ARC Review: Conventionally Yours

Title: Conventionally Yours
Author: Annabeth Albert
My rating: ⭐⭐⭐⭐✨
Genre/s and Tags: New Adult, Contemporary, Romance, Comedy, LGBTQ, M/M romance, Queer rep
Content Warnings: Homophobia (character kicked out by parents), explicit scenes with descriptions of consensual sex/sexual acts
Publication date: June 2, 2020
Goodreads synopsis:

When two “big name fans” go head-to-head at a convention, love isn’t the only thing at stake.

Charming, charismatic, and effortlessly popular, Conrad Stewart seems to have it all…but in reality, he’s scrambling to keep his life from tumbling out of control.

Brilliant, guarded, and endlessly driven, Alden Roth may as well be the poster boy for perfection…but even he can’t help but feel a little broken inside.

When these mortal enemies are stuck together on a cross-country road trip to the biggest fan convention of their lives, their infamous rivalry takes a backseat as an unexpected connection is forged. Yet each has a reason why they have to win the upcoming Odyssey gaming tournament and neither is willing to let emotion get in the way―even if it means giving up their one chance at something truly magical.

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I received an e-arc of this book via NetGalley in exchange for an honest review. Thank you so much Sourcebooks Casablanca!

Months ago, I saw this book in an Entertainment Weekly article and I craved for it immediately, because, hello, queer romance plus rivals-to-lovers trope?! Yes please! Now, after reading it, I know this book captured my heart indeed.

Conventionally Yours is a fun, wholesome, nerdy, and romantic novel that will take you on a road trip and a convention you’ll never forget.

(And thank you publisher for granting my NetGalley wish!)

My thoughts on Conventionally Yours

Conventionally Yours CoverYou know what I think? I think Conventionally Yours would make a great queer rom-com movie. I just feel it in my bones! It’s a story that will make you laugh and will make you cry. It’s a story that will make you root for the characters, make you feel for their wants and their sorrows. It’s a story filled with tension, self-realizations, and humorous moments. It’s a story you won’t easily forget.

The writing style is great. I loved how the author really managed to capture both Conrad and Alden’s perspectives and highlight their innermost desires, their motivations, their insecurities, their melancholy.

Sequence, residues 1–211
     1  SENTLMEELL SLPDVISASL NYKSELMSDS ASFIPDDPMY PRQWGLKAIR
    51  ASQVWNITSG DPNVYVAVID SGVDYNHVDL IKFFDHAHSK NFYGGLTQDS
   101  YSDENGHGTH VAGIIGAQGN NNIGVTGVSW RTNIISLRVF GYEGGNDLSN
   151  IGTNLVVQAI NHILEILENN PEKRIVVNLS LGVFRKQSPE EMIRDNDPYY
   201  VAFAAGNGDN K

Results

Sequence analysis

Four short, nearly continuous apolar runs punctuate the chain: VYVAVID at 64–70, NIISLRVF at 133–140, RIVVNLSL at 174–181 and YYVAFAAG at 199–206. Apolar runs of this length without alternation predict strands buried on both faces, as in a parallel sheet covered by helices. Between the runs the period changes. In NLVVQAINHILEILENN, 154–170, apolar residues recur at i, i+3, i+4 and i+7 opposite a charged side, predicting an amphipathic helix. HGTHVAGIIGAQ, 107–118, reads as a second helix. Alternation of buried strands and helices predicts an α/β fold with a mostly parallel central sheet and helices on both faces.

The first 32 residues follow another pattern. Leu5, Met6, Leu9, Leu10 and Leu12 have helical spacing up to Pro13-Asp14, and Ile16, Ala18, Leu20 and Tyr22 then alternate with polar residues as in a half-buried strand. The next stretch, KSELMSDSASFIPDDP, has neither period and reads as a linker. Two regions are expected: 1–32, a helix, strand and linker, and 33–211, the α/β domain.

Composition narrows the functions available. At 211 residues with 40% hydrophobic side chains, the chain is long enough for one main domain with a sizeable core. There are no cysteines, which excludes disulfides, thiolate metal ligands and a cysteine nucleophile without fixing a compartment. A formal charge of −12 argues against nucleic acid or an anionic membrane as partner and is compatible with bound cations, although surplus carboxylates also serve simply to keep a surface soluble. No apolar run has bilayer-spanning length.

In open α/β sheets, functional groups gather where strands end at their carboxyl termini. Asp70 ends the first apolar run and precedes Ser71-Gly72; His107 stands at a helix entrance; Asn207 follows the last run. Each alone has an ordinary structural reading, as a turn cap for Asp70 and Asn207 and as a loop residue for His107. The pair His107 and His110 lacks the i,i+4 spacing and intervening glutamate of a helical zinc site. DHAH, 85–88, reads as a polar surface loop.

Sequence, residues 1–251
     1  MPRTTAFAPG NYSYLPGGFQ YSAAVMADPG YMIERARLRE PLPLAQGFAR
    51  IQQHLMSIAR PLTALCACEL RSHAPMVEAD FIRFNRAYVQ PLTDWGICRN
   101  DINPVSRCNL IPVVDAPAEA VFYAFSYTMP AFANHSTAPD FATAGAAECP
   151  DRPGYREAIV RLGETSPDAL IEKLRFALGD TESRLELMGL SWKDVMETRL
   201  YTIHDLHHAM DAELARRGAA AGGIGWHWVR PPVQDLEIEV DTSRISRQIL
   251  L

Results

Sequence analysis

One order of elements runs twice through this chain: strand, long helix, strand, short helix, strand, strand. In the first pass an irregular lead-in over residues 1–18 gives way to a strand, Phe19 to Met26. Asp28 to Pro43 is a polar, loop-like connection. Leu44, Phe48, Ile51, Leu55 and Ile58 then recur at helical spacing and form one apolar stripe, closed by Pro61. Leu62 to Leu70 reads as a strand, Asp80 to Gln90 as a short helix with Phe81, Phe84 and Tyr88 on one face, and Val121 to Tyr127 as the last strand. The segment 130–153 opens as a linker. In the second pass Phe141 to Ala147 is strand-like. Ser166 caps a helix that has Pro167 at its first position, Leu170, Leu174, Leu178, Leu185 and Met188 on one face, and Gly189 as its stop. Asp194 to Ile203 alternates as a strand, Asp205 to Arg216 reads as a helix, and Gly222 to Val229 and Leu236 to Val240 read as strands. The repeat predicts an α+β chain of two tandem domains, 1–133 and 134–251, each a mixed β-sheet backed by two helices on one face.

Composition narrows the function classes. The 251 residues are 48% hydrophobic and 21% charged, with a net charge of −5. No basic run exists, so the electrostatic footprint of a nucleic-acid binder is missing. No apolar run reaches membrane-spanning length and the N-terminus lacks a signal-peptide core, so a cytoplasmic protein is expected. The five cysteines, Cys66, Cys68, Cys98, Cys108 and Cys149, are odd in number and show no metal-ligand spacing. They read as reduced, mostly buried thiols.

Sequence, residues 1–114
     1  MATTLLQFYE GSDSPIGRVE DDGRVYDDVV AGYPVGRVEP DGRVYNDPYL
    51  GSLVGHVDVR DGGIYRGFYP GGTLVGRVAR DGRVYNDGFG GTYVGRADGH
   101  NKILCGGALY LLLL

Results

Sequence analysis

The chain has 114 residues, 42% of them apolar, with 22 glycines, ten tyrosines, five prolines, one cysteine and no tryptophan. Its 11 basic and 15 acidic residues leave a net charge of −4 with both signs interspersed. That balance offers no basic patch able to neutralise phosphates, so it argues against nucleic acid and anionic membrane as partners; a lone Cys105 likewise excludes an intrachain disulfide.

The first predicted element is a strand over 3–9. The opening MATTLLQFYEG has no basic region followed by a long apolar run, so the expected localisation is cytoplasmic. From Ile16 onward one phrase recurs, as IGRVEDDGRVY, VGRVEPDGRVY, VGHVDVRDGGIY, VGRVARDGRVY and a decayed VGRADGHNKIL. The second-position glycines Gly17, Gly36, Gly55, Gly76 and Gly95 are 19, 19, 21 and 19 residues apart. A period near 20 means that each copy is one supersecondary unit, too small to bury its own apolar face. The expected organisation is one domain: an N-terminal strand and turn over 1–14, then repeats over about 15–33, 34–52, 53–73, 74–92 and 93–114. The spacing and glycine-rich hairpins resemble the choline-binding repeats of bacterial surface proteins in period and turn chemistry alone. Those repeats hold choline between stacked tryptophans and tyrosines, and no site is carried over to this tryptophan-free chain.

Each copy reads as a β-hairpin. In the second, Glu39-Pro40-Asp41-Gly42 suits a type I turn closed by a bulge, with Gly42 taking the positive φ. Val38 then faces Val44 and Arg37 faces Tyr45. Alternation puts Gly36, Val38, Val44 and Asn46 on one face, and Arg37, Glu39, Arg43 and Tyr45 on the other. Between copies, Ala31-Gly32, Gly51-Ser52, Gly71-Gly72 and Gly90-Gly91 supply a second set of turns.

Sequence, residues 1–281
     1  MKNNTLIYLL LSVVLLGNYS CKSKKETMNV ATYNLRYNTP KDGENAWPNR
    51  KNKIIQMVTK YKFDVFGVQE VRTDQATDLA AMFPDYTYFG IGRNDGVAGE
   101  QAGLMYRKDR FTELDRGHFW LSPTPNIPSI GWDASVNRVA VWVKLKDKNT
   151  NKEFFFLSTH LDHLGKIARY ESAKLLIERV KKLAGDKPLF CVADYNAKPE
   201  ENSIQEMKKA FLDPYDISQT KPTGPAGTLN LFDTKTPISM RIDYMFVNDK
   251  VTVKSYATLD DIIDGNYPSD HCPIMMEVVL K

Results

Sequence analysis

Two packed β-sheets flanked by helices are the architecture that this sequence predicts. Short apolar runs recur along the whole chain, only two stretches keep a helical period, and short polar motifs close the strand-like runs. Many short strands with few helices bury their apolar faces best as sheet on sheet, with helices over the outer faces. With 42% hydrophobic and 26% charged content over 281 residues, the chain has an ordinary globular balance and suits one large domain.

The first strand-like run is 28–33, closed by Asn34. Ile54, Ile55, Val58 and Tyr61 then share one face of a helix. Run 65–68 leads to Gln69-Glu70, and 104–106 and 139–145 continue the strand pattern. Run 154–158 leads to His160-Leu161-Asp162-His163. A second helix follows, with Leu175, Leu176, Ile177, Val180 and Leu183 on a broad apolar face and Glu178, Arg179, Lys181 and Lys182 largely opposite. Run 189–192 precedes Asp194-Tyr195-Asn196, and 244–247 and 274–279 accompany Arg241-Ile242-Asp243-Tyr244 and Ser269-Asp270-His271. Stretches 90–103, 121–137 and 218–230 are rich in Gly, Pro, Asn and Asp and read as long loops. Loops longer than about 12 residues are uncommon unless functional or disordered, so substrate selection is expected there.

The main characters are relatable, even in the little ways, and I love it. I related to Alden and his doubts about his future and career, the pressure he felt about his next steps. And I related to Conrad with his perfectionist and anxiety-ridden preparations to switch lanes and look for the exits when driving (oddly specific, but I swear we vibed and I felt seen because I thought I was the only one??? anyway). I loved their character arcs!  It was amazing to see these two characters try to survive two weeks of road-tripping. In those two weeks, I saw them tolerate each other, be civil with one another, get to know each other, fall in love, build tension, resist temptation, give in to said temptation, face a new kind of conflict, try to resolve said conflict, and go through some self-realizations. I loved this kind of journey, and the rivals-to-lovers trope really showed near the end of the book.

Odyssey, both the game and the convention, is particularly interesting as well. I loved reading about this tabletop game—all the characters, and moves, and cards—and I loved knowing how this one simple game could mean so much to Conrad and Alden. For me, this shows the beauty of a fandom, of being a fangirl or a fanboy, of being passionate about something, of finding meaning or a sense of belonging. It was amazing!

And of course, I also loved the queer representation in this book. There are so many queer characters! Sapphic moms, gay characters, professor husbands, a nonbinary character, and probably more. And some are presented so casually, it was almost too wonderful to see. With that said, it’s not all rainbows. A character is kicked out by his family and we see him struggle and overcome that conflict.

I think the only things I didn’t exactly like are the fact that [redacted] and [redacted] made fun of [redacted] for being a virgin in one scene (that was a little cringe-worthy), and that the minor characters are somehow overshadowed. But apart from that, this book is just too good and there were definitely tears in my eyes when I finished reading.

Quotes from the book 

His shy smile widened into a genuine grin, a rare joke from him, and it was sort of like seeing a rainbow after a hard thunderstorm, the way the smile transformed his usually stoic expression.

Kissing him again felt almost inevitable, something that both elated and terrified me…

“You being gay is not a problem to fix, medically or otherwise.”

*Note that these quotes were taken from an advance reader’s copy and may differ from the final copy.


Buy Conventionally Yours

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Giving this wonderful book 4.5 stars!

How about you nerds? Is Conventionally Yours already in your TBRs? Tell me in the comments!

3 thoughts on “ARC Review: Conventionally Yours

  1. This sounds like such a wonderful read! I’m glad to hear that you enjoyed it so much. Loving how much queer rep there is in literature these days — it’s a total change from when I was growing up and it’s so heartwarming to see that big difference ❤ Great review!

    Liked by 1 person

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